Africa Development

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Performance and Power: Cultural Strategies for Contesting Hierarchy and Political Authority in Maazou Dan Alalo’s Song ‘Baudot’

AT Alou


In history and literature, colonial rule is often read correctly in terms of
violence, trauma, (super) structural mutations and the undermining by
external forces of local endogenous authorities, cultures and ideologies.
Incorrectly, however, these effects and mutations are typically
considered to be induced unilaterally from the outside hence occluding
the role and agency of local actors and the characteristics of internal
social dynamics in the colonized space. This paper focuses precisely
on aspects of these often forgotten dimensions explored through an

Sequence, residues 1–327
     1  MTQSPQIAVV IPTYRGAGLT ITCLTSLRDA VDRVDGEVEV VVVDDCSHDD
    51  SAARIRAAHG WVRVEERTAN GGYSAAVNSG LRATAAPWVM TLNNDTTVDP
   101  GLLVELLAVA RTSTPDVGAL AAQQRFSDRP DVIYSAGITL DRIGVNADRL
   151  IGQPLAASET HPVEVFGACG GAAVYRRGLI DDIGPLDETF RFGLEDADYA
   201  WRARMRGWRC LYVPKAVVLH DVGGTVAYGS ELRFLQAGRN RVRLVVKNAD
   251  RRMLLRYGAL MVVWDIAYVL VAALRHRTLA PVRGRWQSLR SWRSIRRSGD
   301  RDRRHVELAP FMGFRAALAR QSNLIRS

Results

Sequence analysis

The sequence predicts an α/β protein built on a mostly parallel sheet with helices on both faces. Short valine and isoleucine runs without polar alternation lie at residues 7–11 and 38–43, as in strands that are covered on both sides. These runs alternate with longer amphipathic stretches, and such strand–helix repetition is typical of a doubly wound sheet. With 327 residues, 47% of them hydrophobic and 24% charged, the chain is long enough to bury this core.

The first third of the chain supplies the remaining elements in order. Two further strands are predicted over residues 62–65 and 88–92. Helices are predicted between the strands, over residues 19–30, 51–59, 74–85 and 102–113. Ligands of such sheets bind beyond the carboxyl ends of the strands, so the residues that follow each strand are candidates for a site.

analysis of the paradoxal ‘Baudot’ praise song by Maazou Inoussa
alias Dan Alalo and his troupe. The song foregrounds the colonial
administrator René Baudot both as hero and anti-hero, the artist as a
powerful actor and lucid critic, the local society as reactive, ambivalent
and heterogeneous. In this performance of power, panegyric/parody,
empathy/satire, insider/outsider, high-status/low-status, private/public,
domination/resistance, centrality/liminality power/powerlessness
and low status/high status emerge as key concepts in a piece demonstrating artistic virtuosity, humour and lucidity.
AJOL African Journals Online